The shortage of cash has had several other consequences. Street vendors and shops are unable to buy provisions, which is causing shortages (rumoured or real) of basic goods in certain areas. Even when merchants are able to buy supplies on credit, few people have the cash to purchase their goods, reports Miavaldi. Taxis, rickshaw drivers, barbers, maids and doctors are all facing the difficult choice of either accepting the old notes, or providing their services on credit.

Patience is a virtue. EPA/Raminder Pal Singh

In rural areas, where most Indians live, the situation is much worse. Chakradar Buddha, a social activist based in rural Andhra Pradesh, told me that to reach a bank, people have sometimes to travel for up to 30-40 kilometres in areas with no or very limited public transportation. Most rural Indians don’t have bank accounts; only 60% of all Indians do. This forces them into repeated visits to the bank, due to the very low amounts of cash one can change per day.

This in turn means losing precious days of work, right in the middle of sowing season. Many of those who do go to work are told they will be paid at a later date, something most agricultural labourers can ill afford. Sometimes three labourers are paid with one old 500 rupee note, which they can then exchange on the black market for a 10-20% fee.

And yet, for the time being at least, many people are either welcoming the move or bearing with the situation in the service of a greater good. Modi asked the people to endure 50 days of pain in exchange for longer-term benefits, and it seems that the government’s message is indeed working.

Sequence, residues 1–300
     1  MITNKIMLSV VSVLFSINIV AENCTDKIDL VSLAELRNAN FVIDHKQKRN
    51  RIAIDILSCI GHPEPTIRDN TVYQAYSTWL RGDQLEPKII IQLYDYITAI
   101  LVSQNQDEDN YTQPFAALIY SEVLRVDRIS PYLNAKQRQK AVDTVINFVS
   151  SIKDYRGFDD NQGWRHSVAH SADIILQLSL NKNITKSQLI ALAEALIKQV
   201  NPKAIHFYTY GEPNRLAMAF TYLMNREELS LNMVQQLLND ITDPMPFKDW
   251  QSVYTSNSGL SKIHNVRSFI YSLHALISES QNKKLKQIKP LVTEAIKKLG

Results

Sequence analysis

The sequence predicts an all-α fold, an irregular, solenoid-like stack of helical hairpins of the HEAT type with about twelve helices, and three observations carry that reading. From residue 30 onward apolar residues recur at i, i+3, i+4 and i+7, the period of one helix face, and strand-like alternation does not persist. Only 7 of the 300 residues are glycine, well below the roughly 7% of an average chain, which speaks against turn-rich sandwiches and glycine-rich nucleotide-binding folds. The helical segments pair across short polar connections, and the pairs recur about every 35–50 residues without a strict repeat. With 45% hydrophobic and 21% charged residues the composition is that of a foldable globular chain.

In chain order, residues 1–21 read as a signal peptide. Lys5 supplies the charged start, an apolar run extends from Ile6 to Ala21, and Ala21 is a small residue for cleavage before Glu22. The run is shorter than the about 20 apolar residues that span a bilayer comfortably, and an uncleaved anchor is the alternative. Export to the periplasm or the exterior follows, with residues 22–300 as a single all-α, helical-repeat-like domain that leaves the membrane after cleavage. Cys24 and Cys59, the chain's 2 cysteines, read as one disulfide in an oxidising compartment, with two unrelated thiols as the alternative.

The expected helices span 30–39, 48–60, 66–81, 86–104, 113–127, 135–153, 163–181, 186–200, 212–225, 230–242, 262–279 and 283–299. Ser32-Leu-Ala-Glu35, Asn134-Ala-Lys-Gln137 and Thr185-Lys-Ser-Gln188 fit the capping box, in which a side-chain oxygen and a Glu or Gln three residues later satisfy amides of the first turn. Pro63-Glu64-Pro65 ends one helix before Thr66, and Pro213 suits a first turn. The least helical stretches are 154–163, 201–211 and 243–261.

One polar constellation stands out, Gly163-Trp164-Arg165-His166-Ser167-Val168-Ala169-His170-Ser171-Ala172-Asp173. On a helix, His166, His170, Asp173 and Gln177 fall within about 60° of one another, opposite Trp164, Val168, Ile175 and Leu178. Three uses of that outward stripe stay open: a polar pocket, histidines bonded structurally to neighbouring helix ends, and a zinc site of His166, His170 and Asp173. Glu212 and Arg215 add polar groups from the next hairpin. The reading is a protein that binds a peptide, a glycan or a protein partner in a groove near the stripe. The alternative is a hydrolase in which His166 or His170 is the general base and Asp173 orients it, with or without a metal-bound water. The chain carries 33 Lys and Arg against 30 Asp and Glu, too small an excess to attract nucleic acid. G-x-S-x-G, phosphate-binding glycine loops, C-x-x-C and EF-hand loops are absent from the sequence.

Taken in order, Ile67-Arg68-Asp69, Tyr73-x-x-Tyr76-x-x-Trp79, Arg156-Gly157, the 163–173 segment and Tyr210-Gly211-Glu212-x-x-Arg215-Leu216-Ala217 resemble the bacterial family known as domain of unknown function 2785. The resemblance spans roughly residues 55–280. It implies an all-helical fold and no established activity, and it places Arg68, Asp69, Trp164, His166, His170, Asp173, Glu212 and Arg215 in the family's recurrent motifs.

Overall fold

Politics in action

Much depends on how long it will take to restore normalcy. Buddha reported a marked change in rural people’s mood. Whereas in the first two days the public were generally on board with the measures, the general feeling is now that the government has not thought about the places where they live, which are even less well-equipped than the cities to manage the situation. If unaddressed, this frustration could easily turn to anger.

Overall, the demonetisation’s greatest impact will be political. In one fell swoop, it has reinforced Modi’s image as a strong and fearless leader who is able and willing to take difficult decisions for the national good. As corruption tops the list of voters’ concerns, that image is a significant political advantage – provided that the situation doesn’t degenerate or the mood turn too sour. The Supreme Court warned that if normalcy is not restored soon, there may be riots. It’s difficult to see how such chaos could be brought under control.

The move will also have a major impact on important state elections set for early 2017. It’s well known that political parties fund their campaigns mostly through black money, part of which gets distributed in villages and towns in the days before voting. Modi’s move has certainly taken his political adversaries by surprise, and perhaps even caught many in his own party off guard; all of them might suddenly face a severe shortage of campaign cash.

This will not determine the fate of the elections, but it certainly gives Modi a competitive advantage. As things stand, his capacity to raise funds is unrivalled. And one thing above all is clear: his campaign for the national elections in 2019 is now underway.